This installment: a novel with a political theme (f); a classic myth in contemporary times (f); dealing with mom’s dementia (nf); a sophisticated bonbon book (f); a “model town” is rogue under the surface (f); and relationships and dogs in NYC.
The Nix by Nathan Hill
Action toggles between 2011 and 1968—a time of great political ferment that feels right on target these days, unfortunately. Samuel’s mother (once an activist, now a recluse) is facing a prison term for throwing gravel at a politician. Sam’s been out of touch with her for years but now out of necessity their paths cross with difficulty and many secrets are revealed. Evocative of time and place, intense but with flashes of humor. A powerful read.
Summerlong by Peter S. Beagle
I fell in love with his The Last Unicorn decades ago and was delighted to get back in touch via this reworking of a classic myth in contemporary times. Lioness shows up at a diner on a small island in the Pacific Northwest, gets a job, and intrigues everyone with her mysterious presence. She’s taken in by Abe, whose younger long-time girlfriend, a flight attendant, is based in in Seattle. He also has a grown daughter, Lily, an unhappy lesbian. Many fall in love with the new arrival, and the climate seems to change in her presence. Things get predictably complicated and yes, Lioness is reclaimed by the fate she was fleeing from, but what a surprising journey that transforms many lives along the way. Sweet, sad, and satisfying.
Where the Light Gets In by Kimberly Williams–Paisley
Subtitled Loving My Mother Only to Find Her Again, and another of those facing adversity books I’m so drawn to. Kim, an actor, loves her mother Linda but is increasing disturbed by apparent lapses which turn out to be symptoms of a rare form of early dementia. Her dedicated father is the primary caregiver but gets dangerously worn down and ultimately they have to find a place for her. Kim pulls no punches in describing the tangled mess of emotions and dilemmas that come along with this grim condition but also shows how it’s possible to make peace with what seems impossible though acceptance and release. It helps that the family has the means to keep her in a good facility but it made me think how even more dreadful it would be otherwise.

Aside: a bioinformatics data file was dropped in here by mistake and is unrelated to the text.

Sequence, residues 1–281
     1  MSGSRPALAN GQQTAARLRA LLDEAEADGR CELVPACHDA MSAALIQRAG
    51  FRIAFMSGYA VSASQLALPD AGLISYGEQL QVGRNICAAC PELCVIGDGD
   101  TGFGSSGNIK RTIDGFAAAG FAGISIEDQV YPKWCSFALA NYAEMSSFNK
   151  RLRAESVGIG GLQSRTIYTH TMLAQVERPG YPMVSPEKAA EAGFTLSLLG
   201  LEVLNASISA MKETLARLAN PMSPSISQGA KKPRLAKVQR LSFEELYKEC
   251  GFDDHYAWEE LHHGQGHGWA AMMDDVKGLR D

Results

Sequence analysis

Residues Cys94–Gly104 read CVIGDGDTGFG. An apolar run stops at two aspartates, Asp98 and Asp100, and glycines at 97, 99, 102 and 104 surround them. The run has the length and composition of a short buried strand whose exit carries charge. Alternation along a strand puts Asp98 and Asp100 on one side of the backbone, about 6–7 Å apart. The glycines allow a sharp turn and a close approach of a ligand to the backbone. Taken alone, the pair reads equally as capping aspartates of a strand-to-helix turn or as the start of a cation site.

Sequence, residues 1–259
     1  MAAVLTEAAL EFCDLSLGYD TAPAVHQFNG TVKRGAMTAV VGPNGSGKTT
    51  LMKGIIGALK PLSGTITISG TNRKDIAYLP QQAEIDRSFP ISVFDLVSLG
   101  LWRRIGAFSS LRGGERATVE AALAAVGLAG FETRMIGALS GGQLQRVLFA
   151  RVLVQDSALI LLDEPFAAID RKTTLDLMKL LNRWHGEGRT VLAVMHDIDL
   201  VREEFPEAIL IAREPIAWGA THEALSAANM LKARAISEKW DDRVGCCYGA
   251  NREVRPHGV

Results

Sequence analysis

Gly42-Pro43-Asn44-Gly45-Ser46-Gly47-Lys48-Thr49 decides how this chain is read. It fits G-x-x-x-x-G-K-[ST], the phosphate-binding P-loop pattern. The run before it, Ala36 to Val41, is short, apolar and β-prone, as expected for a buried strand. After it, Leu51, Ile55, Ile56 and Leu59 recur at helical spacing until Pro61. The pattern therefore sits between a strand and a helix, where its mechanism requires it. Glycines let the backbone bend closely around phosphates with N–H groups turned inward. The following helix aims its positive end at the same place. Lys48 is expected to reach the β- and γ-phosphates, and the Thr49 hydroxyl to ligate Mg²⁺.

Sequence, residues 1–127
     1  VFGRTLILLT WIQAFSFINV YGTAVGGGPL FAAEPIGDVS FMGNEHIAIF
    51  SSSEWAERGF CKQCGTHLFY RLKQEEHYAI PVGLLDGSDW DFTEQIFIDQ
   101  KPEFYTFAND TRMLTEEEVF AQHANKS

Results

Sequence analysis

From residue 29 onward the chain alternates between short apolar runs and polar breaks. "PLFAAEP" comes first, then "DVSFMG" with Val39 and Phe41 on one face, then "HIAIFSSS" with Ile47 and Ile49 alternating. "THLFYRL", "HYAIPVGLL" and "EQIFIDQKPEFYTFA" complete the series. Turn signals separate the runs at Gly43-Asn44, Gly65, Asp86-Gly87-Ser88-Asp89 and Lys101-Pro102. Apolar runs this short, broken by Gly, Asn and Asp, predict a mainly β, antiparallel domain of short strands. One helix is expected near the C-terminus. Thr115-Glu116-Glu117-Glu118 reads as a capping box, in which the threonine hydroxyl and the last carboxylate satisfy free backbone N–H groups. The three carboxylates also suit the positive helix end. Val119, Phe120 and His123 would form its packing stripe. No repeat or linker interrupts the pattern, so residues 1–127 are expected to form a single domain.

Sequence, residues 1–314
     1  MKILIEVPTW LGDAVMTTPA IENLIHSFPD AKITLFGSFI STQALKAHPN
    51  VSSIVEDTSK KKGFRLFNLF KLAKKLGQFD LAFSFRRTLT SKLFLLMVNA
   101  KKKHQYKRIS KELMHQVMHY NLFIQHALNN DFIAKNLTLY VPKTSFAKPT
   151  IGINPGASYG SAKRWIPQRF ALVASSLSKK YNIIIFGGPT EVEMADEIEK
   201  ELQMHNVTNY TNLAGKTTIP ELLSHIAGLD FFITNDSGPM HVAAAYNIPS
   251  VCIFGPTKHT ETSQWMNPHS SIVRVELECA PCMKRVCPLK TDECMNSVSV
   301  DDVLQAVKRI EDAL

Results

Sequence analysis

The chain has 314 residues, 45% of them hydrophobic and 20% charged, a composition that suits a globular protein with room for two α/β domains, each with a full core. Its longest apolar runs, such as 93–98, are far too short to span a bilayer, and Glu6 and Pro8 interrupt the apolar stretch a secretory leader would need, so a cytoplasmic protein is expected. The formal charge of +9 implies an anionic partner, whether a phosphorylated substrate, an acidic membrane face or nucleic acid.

A Dangerous Age by Kelly Killoren Bensimon
A sophisticated bonbon book that shows off the glittering world of art, fashion, and media and its greedy, sometimes desperate underside. Four friends in NYC are each scrambling in their own way. One wants to be chosen for a reality show; one is a cool Scandinavian model with a propensity for the wild life; the third is an up and coming food maven; and Lucy, the protagonist, is a journalist married to a famous artist. They meet regularly, dine, work out, party, commiserate, and get into trouble. Name-dropping, both brands and people, is frequent. There was a plot device I figured out early on. So I couldn’t stomach a steady diet of this kind of book, but as an amuse-bouche, it works just fine.
The Dogs of Littlefield by Suzanne Berne
It’s supposed to be the model of a contented little town in New England, to the point where a visiting scholar intends to study it as such, but right under the surface there are there considerable conflicts. Especially over the canines which, according to some, run rampant and create hazardous conditions. Dogs end up poisoned and tensions abound. An irony (or perhaps not): Littlefield is overloaded with therapists. With a strained marriage and a newly divorced novelist, we know how that’ll go, i.e. badly. Lots of wit here, with a slanting look at how a high standard of living doesn’t necessarily yield rich rewards.
The New Yorkers by Cathleen Shine
Another novel in which people come together (and come apart) through their animals. Their dogs meet on the streets of the city and thus start a series of star-crossed yearnings. There’s a dignified pit bull Beatrice, a silly puppy, Howdy, and their humans who pursue frustrating attachments until it all works out. A comedy of manners in which the very nature of dogs adds much to the humor.
Back next week.